Nature vs. Nurture in in Cold Blood

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The Effects of Ones Environment in In Cold Blood
On November 15, 1959, in the small town of Holcomb, Kansas, a family of four was brutally murdered by shotgun blasts only a few inches from their faces. The protagonist of the story, Perry Smith, a man with a troubled past, is the one responsible for committing these murders. In framing the question nature versus nurture, Capote’s powerfully written account of the Clutter family killings asks whether a man alone can be held responsible for his actions when his environment has relentlessly neglected him; Perry Smith is a prime example. He is an intelligent, talented, and sensitive human being, who has been warped and rejected by society and his environment, and therefore cannot be held accountable for his actions. Throughout his life Perry suffers through many circumstances including abuse, having a limited education, and family difficulties. It is through these circumstances, which are beyond his control, that send him down a path of crime.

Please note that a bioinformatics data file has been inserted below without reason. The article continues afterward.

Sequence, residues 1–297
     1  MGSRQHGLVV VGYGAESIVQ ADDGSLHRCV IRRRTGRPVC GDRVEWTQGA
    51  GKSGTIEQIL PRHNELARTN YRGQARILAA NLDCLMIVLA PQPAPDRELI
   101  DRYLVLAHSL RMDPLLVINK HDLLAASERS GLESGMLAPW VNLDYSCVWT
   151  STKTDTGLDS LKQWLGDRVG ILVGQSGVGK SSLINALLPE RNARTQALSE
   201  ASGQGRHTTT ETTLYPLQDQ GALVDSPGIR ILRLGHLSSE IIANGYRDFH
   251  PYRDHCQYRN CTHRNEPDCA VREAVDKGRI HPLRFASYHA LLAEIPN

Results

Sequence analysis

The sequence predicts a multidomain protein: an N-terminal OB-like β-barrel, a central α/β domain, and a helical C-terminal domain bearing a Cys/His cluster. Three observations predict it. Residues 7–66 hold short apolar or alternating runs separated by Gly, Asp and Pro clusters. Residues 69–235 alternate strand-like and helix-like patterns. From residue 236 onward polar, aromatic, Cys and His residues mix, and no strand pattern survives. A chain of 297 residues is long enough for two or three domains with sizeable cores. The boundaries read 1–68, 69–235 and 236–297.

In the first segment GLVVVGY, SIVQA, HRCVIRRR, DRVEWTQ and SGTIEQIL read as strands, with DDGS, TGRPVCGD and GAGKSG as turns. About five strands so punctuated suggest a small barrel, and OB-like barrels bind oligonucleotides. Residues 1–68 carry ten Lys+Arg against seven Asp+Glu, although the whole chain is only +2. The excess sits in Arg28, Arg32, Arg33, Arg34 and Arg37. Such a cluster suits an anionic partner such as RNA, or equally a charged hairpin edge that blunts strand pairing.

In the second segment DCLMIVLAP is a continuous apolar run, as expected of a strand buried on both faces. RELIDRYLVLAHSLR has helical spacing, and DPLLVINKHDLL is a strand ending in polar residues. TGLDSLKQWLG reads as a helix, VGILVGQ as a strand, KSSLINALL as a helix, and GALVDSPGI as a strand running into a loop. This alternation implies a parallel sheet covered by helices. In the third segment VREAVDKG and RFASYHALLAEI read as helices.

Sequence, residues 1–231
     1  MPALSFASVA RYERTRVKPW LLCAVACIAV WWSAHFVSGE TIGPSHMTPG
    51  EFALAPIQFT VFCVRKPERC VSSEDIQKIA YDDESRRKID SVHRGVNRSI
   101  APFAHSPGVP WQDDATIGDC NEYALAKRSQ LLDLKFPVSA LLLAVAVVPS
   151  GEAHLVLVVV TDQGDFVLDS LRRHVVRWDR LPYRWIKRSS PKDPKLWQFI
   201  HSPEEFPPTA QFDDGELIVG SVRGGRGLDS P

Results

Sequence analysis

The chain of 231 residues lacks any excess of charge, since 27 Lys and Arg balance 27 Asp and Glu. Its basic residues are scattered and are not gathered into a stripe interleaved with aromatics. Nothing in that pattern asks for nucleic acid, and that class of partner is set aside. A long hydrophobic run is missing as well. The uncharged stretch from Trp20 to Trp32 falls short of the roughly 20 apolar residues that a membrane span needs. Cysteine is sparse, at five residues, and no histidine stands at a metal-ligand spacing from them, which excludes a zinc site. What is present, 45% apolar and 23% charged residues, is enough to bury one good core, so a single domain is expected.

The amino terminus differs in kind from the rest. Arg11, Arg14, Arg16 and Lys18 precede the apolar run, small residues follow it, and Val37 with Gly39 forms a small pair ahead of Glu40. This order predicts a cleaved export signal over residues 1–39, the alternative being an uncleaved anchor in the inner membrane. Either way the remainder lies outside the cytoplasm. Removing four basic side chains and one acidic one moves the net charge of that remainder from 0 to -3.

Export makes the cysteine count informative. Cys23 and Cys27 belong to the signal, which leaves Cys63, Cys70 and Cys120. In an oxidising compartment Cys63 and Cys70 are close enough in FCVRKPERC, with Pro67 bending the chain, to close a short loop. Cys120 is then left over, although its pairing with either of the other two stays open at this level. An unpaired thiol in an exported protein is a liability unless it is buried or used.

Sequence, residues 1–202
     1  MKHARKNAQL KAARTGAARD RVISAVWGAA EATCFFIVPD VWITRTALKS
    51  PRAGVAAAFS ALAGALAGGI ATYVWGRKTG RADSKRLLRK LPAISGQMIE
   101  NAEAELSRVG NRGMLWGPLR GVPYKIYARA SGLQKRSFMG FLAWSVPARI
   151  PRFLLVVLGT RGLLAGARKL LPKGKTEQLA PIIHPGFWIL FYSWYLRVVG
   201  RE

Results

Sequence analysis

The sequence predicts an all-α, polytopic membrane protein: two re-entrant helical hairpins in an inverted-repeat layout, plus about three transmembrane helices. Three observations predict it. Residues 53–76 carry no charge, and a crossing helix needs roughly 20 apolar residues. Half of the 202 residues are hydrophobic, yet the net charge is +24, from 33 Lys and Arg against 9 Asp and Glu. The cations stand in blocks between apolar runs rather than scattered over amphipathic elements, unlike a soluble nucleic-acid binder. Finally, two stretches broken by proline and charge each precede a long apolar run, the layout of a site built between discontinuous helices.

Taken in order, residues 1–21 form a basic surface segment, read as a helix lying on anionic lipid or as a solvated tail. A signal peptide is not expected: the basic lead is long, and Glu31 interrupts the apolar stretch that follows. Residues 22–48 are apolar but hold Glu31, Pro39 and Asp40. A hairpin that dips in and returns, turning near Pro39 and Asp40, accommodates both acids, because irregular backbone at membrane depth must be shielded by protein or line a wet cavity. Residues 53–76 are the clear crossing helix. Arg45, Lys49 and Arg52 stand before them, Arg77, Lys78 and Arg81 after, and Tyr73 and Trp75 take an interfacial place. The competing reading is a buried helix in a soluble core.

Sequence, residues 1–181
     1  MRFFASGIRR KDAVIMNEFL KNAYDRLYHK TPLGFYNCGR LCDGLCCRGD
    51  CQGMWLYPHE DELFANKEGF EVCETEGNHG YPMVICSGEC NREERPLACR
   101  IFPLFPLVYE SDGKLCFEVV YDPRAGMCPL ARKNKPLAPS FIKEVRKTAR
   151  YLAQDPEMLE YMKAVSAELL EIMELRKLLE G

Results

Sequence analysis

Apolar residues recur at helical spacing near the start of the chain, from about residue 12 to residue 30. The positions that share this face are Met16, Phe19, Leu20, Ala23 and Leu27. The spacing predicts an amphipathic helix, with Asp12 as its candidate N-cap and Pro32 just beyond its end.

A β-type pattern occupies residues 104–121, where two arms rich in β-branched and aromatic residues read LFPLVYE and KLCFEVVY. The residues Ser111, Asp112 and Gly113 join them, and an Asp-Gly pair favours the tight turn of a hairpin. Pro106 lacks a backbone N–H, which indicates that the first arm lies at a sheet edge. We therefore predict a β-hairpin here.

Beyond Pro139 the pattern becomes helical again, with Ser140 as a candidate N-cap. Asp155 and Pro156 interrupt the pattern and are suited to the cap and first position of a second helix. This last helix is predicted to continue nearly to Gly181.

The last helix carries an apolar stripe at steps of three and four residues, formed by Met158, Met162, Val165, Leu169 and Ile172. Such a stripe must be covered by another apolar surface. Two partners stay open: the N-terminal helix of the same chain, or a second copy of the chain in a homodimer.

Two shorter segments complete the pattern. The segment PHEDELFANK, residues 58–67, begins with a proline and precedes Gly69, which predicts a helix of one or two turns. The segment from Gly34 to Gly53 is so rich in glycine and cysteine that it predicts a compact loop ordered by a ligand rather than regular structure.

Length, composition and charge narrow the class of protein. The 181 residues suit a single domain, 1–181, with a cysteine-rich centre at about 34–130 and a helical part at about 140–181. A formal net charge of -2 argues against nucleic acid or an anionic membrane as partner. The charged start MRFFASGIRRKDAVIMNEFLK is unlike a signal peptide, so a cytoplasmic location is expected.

Throughout his childhood Perry is beaten and abused on many occasions by numerous individuals. He spends most of his childhood living in orphanages, children’s shelters, and detention homes where he is beaten not only for being half – Indian, but for wetting the bed as well. While spending time in a California orphanage run by nuns Perry is beaten ruthlessly for wetting his bed: “She woke me up. She had a flashlight, and she hit me with it. Hit me and hit me, and when the flashlight broke, she went on hitting me in the dark” (Capote 93). After a couple of months, Perry is tossed out of the orphanage and his mother places him in a children’s shelter operated by the Salvation Army. Here he is once again beaten brutally by the nurses: There was this one nurse, she used to call me ‘nigger’ and say there wasn’t any difference between niggers and Indians…What she used to do, she’d fill a tub with ice-cold water, put me in it and hold me under till I was blue. Nearly drowned…I caught pneumonia. I almost conked. I spent two months in the hospital. (Capote 132) As he grows older Perry repeatedly gets into trouble and starts to associate with gangs. He is in and out of Detention Homes many times for stealing and running away from home and at one such place he was, Severely beaten by the cottage mistress, she had called [him] names and made fun of [him] in front of all the boys…She would throw back the covers & furiously beat [him] with a large black leather belt – Every night was a nightmare. Later on she thought it was very funny to put some kind of ointment on [his] penis. This was almost unbearable. It burned something terrible. (Capote 275) As a result of these terrible experiences Perry is reluctant to confide in others and when he does, he expects to be misunderstood or even betrayed. This abusive environment he is subjected to as a child and the hateful people he is surrounded by influences how Perry grows and develops. When it comes to killing the Clutters he does not murder Mr. Clutter for any personal reason or gain; he murders him because he believes he is killing one of the hated figures from his past. The orphanage nun, the evil nurse, the hated cottage mistress, any or all of them, could be the ones Perry believes he is acting revenge on while he is killing Mr. Clutter. According to Dr. Joseph Satten of the Menninger Clinic in Topeka, Kansas, in an article of his, Murder without Apparent Motive – A Study in Personality Disorganization, he states, “When Smith attacked Mr. Clutter he was under a mental eclipse, deep inside a schizophrenic darkness, for it was not entirely a flesh-and-blood man he ‘suddenly discovered’ himself destroying, but ‘a key figure in some past traumatic configuration” (Capote 302). The disorder that Dr. Satten believes Perry suffers from, called schizophrenia, “is a mental disorder that makes it difficult to tell the difference between real and unreal experiences, to think logically, to have normal...
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